A Slow and Steady Walk Home
A hoe set on his stooped shoulder, my neighbor’s trudge past my kitchen window pricked up my ears most mornings.
I would only be easing into my day: making coffee, toasting bread, listening to poetry and jazz or classical music on Antenna 2 radio station.
Bom dia. Good day.
How could I feel overwhelmed by work on my land when my much older neighbor persevered on his and was so generous with advice, even his handmade tools, for me?
Because of his longevity in our Portuguese village, he may have walked past my house longer than I had been alive. I am 66.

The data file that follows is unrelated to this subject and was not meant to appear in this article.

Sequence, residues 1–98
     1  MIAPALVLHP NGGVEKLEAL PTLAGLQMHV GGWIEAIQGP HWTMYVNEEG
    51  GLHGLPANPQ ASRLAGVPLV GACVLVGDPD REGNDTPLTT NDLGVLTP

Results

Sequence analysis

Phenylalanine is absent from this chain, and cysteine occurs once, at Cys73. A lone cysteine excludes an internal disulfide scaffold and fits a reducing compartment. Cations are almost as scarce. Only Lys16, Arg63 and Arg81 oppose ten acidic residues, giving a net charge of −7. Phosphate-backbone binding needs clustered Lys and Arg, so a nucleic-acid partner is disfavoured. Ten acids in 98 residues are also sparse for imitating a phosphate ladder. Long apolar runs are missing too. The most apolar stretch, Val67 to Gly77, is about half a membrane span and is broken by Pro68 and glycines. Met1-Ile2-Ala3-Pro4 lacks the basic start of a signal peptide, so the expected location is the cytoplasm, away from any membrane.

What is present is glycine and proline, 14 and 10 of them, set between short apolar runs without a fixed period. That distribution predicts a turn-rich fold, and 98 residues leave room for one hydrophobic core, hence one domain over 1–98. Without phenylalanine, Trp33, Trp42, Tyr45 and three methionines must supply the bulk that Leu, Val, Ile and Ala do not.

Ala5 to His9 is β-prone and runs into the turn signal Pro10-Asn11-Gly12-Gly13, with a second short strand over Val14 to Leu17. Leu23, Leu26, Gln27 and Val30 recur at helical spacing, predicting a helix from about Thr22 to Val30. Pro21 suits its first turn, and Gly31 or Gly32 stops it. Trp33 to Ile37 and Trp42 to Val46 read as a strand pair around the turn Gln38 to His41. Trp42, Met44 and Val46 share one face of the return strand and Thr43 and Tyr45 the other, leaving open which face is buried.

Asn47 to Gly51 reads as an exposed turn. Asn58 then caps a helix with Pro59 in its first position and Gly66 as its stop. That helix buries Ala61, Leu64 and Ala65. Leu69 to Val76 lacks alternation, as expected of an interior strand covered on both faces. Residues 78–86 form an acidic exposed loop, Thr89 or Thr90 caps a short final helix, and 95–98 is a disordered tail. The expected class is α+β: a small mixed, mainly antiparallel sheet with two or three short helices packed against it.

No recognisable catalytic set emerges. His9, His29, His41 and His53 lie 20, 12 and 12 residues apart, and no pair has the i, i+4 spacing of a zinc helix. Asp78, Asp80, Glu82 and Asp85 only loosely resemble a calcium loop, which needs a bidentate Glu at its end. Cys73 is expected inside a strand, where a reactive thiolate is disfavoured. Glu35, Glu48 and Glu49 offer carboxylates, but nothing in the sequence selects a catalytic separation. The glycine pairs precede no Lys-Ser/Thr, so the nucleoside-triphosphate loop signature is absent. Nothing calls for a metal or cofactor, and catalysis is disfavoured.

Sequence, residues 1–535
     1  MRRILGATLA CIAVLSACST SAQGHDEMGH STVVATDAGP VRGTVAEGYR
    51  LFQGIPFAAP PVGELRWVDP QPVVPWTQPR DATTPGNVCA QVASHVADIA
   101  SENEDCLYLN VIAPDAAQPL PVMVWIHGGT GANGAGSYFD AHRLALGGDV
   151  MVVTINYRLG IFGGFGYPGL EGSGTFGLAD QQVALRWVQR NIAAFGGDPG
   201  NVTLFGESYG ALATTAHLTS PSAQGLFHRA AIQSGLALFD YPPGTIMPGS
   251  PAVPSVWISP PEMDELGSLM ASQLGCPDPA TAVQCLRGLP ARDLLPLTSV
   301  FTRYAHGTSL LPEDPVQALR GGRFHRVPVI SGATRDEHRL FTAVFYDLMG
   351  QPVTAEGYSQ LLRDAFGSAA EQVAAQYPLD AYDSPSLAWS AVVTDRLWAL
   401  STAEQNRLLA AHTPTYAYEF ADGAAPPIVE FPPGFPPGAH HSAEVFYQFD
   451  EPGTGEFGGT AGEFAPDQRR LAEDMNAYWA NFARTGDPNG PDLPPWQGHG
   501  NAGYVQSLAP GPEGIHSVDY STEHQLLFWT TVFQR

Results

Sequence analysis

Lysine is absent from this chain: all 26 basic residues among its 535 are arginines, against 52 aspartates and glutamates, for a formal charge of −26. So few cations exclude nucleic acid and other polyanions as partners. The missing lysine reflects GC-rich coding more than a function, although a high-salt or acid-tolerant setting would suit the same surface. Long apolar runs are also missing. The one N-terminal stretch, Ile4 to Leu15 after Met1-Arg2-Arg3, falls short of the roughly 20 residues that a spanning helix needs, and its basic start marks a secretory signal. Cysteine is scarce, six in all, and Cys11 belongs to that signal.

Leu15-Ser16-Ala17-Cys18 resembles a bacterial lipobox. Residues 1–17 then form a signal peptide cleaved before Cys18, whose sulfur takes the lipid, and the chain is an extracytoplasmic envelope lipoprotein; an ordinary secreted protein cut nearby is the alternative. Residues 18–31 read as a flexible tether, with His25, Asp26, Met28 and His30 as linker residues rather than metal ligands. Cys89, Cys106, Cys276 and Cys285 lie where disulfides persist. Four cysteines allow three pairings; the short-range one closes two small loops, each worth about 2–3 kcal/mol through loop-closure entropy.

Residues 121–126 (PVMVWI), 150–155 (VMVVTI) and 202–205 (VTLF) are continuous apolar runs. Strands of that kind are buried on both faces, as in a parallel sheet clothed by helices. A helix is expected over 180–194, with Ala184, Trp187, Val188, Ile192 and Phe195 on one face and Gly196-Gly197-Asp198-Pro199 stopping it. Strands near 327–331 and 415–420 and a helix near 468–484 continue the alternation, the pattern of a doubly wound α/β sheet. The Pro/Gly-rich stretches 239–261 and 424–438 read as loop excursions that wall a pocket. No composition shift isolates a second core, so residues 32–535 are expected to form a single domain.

He told me that that there had been a chestnut tree that towered over my house. Because of this, I planted a chestnut three years ago and told him so. A nod to the future. The tree now is pushing up to my height.
A year ago, my neighbor stopped the clock of his own volition.
That morning, he walked past my kitchen to his land carrying rope.
He had olive trees with which he shared an intimacy from years of pruning and bashing with a stick for the harvest to come raining down.
This time, he became the fruit.
Some mornings, I still hear him.
I miss him.